According to the CDC, approximately 2.4 divorces happen out of every 1,000 marriages in Maryland. If you are going through a divorce, you may have preconceived notions about how the courts will divide your assets. Common misconceptions can lead to confusion and unrealistic expectations during the divorce proceedings.
Maryland law aims to achieve fairness and equity in the division of property, but this does not necessarily mean a 50/50 split. As you navigate the end of your marriage, it is important to understand the actual practices of asset division to prepare adequately for the outcome.
Misconceptions about “equitable division”
Many people incorrectly believe that equitable division means equal division. However, in Maryland, the courts consider a variety of factors to decide what is equitable or fair, which may result in one party receiving a larger portion of the marital assets. The court looks at each case individually, taking into account the circumstances of both parties before making a decision. This process often leads to a division that reflects the contributions and needs of each person rather than an automatic half to each.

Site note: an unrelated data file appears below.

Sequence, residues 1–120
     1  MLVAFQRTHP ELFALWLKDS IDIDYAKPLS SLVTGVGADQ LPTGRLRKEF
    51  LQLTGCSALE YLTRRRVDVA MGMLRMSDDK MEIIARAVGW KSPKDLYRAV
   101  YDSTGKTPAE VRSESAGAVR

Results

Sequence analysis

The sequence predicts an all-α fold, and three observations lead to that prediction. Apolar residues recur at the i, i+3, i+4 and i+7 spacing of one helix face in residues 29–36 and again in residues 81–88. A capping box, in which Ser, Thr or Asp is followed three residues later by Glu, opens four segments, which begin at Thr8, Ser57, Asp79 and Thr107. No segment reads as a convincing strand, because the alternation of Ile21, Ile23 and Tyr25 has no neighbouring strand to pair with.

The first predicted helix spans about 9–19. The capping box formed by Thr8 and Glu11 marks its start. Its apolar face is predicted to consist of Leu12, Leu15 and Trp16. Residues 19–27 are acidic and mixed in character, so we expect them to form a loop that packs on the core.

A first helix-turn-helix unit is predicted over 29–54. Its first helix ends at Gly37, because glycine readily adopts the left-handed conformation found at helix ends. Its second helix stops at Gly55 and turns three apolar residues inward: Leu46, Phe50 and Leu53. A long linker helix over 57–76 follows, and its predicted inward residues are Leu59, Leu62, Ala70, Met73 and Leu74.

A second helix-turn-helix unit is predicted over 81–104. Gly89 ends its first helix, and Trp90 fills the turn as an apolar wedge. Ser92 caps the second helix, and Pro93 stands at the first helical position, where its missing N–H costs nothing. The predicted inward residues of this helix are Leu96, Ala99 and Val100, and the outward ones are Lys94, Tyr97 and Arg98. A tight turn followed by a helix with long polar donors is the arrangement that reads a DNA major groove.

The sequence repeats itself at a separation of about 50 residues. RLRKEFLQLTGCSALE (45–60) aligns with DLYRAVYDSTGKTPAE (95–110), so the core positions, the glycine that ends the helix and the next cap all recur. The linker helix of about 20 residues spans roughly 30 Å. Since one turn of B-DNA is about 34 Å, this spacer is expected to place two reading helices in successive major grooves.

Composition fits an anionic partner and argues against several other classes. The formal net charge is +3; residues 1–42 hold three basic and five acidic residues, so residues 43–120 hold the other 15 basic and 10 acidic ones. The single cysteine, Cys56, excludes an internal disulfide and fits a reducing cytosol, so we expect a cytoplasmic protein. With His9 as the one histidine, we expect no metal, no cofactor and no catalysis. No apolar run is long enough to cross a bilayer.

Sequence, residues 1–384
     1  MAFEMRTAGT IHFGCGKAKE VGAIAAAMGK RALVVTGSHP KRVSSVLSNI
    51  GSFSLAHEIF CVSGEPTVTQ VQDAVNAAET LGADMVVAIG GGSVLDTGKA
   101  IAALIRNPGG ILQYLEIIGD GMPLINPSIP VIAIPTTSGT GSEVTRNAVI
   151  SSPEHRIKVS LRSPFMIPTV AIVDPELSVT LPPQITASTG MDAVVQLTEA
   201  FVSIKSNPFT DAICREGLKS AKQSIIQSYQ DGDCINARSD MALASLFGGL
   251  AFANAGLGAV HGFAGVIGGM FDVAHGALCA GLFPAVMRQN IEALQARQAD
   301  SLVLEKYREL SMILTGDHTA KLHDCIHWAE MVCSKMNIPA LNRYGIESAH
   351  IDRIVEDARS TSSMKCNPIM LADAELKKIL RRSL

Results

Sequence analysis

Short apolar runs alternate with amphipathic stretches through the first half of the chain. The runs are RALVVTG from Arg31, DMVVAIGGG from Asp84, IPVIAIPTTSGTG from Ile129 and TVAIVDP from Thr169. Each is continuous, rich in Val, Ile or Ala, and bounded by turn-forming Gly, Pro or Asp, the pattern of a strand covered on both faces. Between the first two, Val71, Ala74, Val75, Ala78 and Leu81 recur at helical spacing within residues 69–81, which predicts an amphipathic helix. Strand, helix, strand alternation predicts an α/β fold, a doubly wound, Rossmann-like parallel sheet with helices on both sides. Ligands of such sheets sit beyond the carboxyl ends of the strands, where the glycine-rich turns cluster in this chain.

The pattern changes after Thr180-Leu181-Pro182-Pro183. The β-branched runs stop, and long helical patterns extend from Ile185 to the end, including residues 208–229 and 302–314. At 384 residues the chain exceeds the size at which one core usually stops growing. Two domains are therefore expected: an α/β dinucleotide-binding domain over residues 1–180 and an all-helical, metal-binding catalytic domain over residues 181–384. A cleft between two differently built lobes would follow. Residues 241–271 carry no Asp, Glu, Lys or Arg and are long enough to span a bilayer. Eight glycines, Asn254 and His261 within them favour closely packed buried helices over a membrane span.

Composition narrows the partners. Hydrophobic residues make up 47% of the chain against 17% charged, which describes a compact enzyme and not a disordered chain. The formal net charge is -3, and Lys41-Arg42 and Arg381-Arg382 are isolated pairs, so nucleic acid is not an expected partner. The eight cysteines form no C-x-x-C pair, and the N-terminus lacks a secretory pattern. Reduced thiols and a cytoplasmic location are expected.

“Marital property” does not include everything you own
One of the most significant misconceptions is that all property owned by either spouse is marital property. In fact, Maryland distinguishes between marital and non-marital property. Marital property typically includes assets acquired during the marriage, while non-marital property consists of assets owned before the marriage, inheritances, gifts from third parties and items excluded by a valid agreement. Only marital property is subject to division upon divorce.
The importance of contributions
Another common misunderstanding is that the court only considers financial contributions when dividing assets. Maryland courts recognize both financial and non-financial contributions to the marriage, such as homemaking and child-rearing efforts.
Length of the marriage matters
The duration of your marriage also plays a role in how the courts divide assets. A longer marriage may lead to a more equal division of property, as the intertwining of lives and finances becomes more pronounced over time. For shorter marriages, the court may work to return the parties to their pre-marital financial states.
When going through a divorce, cast aside any assumptions about asset division and familiarize yourself with the state’s approach. Understanding how the courts divide assets will help you set realistic expectations and prepare for the financial aspects of your divorce proceedings.